I know this may be old news to some of you. I’ve been meaning to post about it since the story came out, but I’m just getting around to it.
What I’m talking about is Andy Katz’s article from a couple Fridays ago about TV’s influence on ACC schedules.
It’s something I didn’t know and it’s actually pretty interesting. Once the ACC figures out the schedule, not the dates but who’s playing whom, the various television partners bid on the games. It’s like a draft, where the UNC-Duke games go first every year. The networks pick and choose in some order (probably stipulated in their contracts) and that’s how the schedule is built.
The end result of this is that certain less desirable games, Duke-Clemson is the example they pick, end up early in the season when ratings are naturally lower and bigger games come later when fans are tuned to college hoops. That’s why Clemson has opened with Duke four years in a row and Duke and Carolina always play the last game of the season.
Oliver Purnell thinks this is unfair.
“I raised it at the meetings and I raised it with my athletic director the other day,” Purnell said. “I understand the importance of the ratings but at the same time there needs to be some equitable competitiveness as well.”
And surprise, surprise, Gary Williams has a problem with it too:
“I’m glad Fred [Barakat] said that because I’ve been in the league for 16 years and I know they do that,” Williams said of giving the Duke-UNC games preferred treatment. “The year after we won the national title, Duke-Carolina was still the ultimate game. It’s always the last ACC game. It makes every other team in the league look secondary. That’s what I object to. Whoever is good should get the publicity. “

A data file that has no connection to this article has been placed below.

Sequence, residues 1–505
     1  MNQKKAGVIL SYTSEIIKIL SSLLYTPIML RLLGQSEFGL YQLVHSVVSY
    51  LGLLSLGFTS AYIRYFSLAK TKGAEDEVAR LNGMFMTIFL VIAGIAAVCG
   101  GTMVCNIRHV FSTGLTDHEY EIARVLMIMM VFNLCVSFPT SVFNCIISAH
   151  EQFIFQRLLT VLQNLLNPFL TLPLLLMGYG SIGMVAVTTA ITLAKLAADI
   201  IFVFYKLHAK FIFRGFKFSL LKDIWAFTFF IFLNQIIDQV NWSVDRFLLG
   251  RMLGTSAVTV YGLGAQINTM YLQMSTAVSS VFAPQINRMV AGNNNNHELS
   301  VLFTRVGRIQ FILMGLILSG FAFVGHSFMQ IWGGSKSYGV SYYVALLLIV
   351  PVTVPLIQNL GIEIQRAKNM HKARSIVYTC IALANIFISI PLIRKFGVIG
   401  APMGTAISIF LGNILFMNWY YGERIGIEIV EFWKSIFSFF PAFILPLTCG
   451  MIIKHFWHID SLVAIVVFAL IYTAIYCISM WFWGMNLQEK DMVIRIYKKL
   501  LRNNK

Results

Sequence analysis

Waaa, waaa, waaa. What a bunch of crap.
First, Coach Purnell, what kind of message are you sending your team and your program? That you will always lose to Duke? That’s a great attitude. What difference does it make if you play them first or last? Do you know before the season starts who will or won’t be injured at different times of the year? Do you know that your team will improve more or less than Duke over the course of the season? No, you don’t. You’re just whining and blaming someone else for your failures.
Same with you, Gary. I know you like to play up the “woe is me” angle and blame all of Maryland’s troubles (real or imagined) on the evil North Carolina schools, but it’s really tiresome. Again, who cares when you play Duke?
They argue that it’s unfair that Duke gets the “easy” games first, but on the flip side, is it fair that Duke has to play Wake, G Tech and Carolina in consecutive games? Would you rather lose a bunch of games early or late? Do you really know which game are “easy?”
And then there’s Gary’s notion that it’s somehow unfair that Duke and Carolina is the game that everyone wants to see, as if that’s the choice of the teams involved. He argues that the league should pump the top two teams each year (as if UNC-Wake didn’t get attention this year and Duke-Maryland didn’t several years ago). His quote was “there’s nobody better than Wake Forest, Georgia Tech and North Carolina this year. They’re the top three.” Really? Is that right Gary?
You see the problem here? When Coach Williams said that, he might have been right, but less than two weeks later, he’s dead wrong. Duke is #2 in the country. You just can’t predict who will be strongest, so it makes sense to play up the established rivalries. The TV networks have no particular marriage to the Duke-UNC game. They want whatever games will get the most viewers, and nowhere near as many viewers want to see a Wake Forest-Maryland game.
So, in the end, this is all just complaining for complaining sake. Duke gets no benefit from this schedule and Clemson and Maryland suffer no harm. I think some coaches just have a reflexive tic whenever they hear the words “choice” and “Duke” in the same sentence. Shut up and coach and maybe you’ll find that the networks want you next year.